Multiple telescope interferometry

What we learn in this chapter

Radio astronomers have learned to overcome the limitations of diffraction with interferometry, the use of two or more telescopes viewing the same source at the same time. The instantaneous beam of two telescopes is an interference fringe pattern on the sky. As the earth rotates, the pattern sweeps across a postulated point source yielding a time varying interference signal when the signals from the two telescopes are summed or multiplied. Simple examples show that two telescopes on the rotating earth can, in most cases, locate the position of a point source. Each brief two-telescope observation with a given baseline (telescope separation and relative orientation) can be described as a point on a two-dimensional plot (Fourier plane) of the x and y spatial frequencies. For each such point, the detected oscillatory signal yields a value of the complex visibility function V(b) which is one spatial Fourier component of the sky brightness distribution. Large arrays of telescopes making repeated observations as the earth rotates provide additional points in the Fourier plane and thus additional Fourier components. With sufficient coverage of the Fourier plane, the Fourier transform of V(b) yields a reasonable approximation of the true sky brightness function. This process is called aperture synthesis.

Interferometry dominates radio astronomy, e.g., the US VLA and the Australian AT arrays. The greatest antenna spacings yield the highest angular resolution. Very Long Baseline Interferometry (VLBI) with radio telescopes on different continents yields angular resolutions of <1 milliarcsecond (mas) and as low as 0.5 mas if one detector is in high earth orbit as is the Japanese HALCA satellite (space VLBI). Optical interferometry is likely to become important in the near future because new 8-m class optical observatories are being built with one or more pairs of telescopes in close proximity with —100 m spacings, potentially yielding resolutions of ~1 mas.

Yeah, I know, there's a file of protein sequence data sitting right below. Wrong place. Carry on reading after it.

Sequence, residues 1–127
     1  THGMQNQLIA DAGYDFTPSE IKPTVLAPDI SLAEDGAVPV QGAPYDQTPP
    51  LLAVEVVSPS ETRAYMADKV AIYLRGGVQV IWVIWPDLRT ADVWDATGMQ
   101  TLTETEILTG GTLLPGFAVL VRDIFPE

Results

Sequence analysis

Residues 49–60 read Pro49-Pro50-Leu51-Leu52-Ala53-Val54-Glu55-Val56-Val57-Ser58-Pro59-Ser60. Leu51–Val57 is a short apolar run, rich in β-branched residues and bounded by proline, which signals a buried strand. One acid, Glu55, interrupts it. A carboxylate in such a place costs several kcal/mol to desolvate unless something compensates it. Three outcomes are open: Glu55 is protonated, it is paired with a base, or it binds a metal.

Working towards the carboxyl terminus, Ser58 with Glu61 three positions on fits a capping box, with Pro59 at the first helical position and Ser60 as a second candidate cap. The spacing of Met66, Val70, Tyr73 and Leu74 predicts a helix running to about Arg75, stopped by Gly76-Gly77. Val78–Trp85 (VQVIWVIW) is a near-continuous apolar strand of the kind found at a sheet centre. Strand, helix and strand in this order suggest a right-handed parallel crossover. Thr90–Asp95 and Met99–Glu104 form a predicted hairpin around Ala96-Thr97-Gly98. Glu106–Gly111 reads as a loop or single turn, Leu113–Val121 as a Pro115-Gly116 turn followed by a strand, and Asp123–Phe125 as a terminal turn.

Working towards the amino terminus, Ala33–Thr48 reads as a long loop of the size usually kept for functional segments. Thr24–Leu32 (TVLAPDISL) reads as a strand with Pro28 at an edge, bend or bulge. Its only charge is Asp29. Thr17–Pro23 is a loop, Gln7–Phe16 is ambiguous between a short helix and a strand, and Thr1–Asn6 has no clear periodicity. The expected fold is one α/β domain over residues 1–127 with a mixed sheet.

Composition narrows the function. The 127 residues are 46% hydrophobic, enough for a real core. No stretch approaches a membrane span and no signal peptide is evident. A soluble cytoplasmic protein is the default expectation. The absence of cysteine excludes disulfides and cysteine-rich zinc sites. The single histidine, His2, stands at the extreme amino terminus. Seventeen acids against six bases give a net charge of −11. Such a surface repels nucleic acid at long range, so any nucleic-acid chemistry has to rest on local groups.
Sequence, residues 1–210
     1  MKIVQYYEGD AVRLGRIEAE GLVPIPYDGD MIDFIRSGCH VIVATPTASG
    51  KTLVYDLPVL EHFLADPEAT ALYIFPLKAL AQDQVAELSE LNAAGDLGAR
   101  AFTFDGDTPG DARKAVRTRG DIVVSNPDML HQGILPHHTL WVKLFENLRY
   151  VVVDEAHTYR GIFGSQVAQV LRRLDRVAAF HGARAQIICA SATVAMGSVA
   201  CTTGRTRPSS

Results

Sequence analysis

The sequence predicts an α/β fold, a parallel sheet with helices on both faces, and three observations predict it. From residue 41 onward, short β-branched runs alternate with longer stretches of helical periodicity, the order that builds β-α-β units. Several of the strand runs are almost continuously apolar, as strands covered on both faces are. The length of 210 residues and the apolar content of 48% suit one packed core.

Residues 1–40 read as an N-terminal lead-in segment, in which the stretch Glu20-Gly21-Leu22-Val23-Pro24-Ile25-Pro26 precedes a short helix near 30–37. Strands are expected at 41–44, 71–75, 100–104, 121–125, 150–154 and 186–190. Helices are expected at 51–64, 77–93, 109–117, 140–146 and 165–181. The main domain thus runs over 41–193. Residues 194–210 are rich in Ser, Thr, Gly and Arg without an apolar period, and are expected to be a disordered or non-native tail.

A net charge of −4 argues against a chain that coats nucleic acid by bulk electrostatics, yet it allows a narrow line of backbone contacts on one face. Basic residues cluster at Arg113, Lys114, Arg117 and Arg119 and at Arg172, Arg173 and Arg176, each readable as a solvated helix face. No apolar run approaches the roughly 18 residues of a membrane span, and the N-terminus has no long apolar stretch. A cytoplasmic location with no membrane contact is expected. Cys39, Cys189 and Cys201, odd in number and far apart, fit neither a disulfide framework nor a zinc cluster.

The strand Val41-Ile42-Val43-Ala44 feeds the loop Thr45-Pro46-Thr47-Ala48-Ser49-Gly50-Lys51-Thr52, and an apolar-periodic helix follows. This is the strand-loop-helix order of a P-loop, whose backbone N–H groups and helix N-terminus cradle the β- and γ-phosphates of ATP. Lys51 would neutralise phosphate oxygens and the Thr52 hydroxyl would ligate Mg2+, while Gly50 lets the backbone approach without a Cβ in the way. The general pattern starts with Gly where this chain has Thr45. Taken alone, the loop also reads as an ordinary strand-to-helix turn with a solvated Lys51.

176 7 Multiple telescope interferometry 7.1 Introduction

Interferometry is an observational technique wherein the interference of electromagnetic waves is used to extract the highest possible angular resolution allowed by basic physical principles. We have seen in Section 5.5 how interference within a single telescope aperture due to atmospheric density fluctuations can lead to speckles from which one can construct, in principle, the image expected in the absence of such fluctuations. Speckle interferometry could also be called single-aperture interferometry.

Here we consider how interference between the signals received from two or more separate telescopes viewing the same object can yield extremely high angular resolution. This could be called multi-aperture interferometry but the usual name is long baseline interferometry. One can think of an array of telescopes viewing the same source as being several small segments of a huge hypothetical telescope of diameter comparable to the spacing between the outermost telescopes of the array. It turns out that one can attain, with some limitations, the higher angular resolution of the hypothetical single large telescope.

The simplest arrangement is two telescopes separated by the distance B known as the baseline. (We redefine the baseline as a vector B below.) In this case, the hypothetical large telescope would have a diameter B, and its angular resolution would be, from (5.8), 0min = 1.22X/B ~ X/B, where X is the wavelength of the radiation. If the separation B is large compared to the individual telescope diameters d, the potential angular resolution will be much better (smaller 0min) than that of one telescope alone with 0min ~ X/d. Because the two telescopes would make up only a small portion of the hypothetical large telescope, the image quality would be terrible. It is much better if more telescopes are used to fill the hypothetical aperture. Nevertheless, even in the two-telescope case, one can obtain information about the angular structure on the fine scale represented by 0min ~ X/B.

Interferometry is now carried out routinely at radio wavelengths. The long wavelengths of radio waves yield very poor angular resolutions for a single telescope because radio wavelengths are so large. The improvement of resolution obtained by interferometry is thus a necessity for radio astronomers.

Arrays of radio telescopes spreading over tens of kilometers yield angular resolutions less than 1". Telescopes on different continents working together routinely yield <0.001" resolution, and earth-bound telescopes working with a satellite can probe angular scales several times smaller than that. The latter two arrangements are called Very Long Baseline Interferometry (VLBI) and Space VLBI respectively. An array of telescopes will produce sky maps with imperfect point-source response functions because the telescopes do not form a complete large telescope. Nevertheless, high-quality maps are obtained through (i) a judicious spacing of the individual telescopes, (ii) the continuously changing orientation of the individual telescopes relative to the celestial source due to the rotation of the earth or the motion of a satellite, and (iii) sophisticated analysis techniques.

Long baseline interferometry at optical wavelengths is now coming into use with the construction of new modern telescopes in groups of two or four. Interferometry of x rays has just been demonstrated in the laboratory. In this chapter, we use radio interferometry as the basis of our discussion. The principles are the same at other (shorter) wavelengths, but the technical hurdles are greater.

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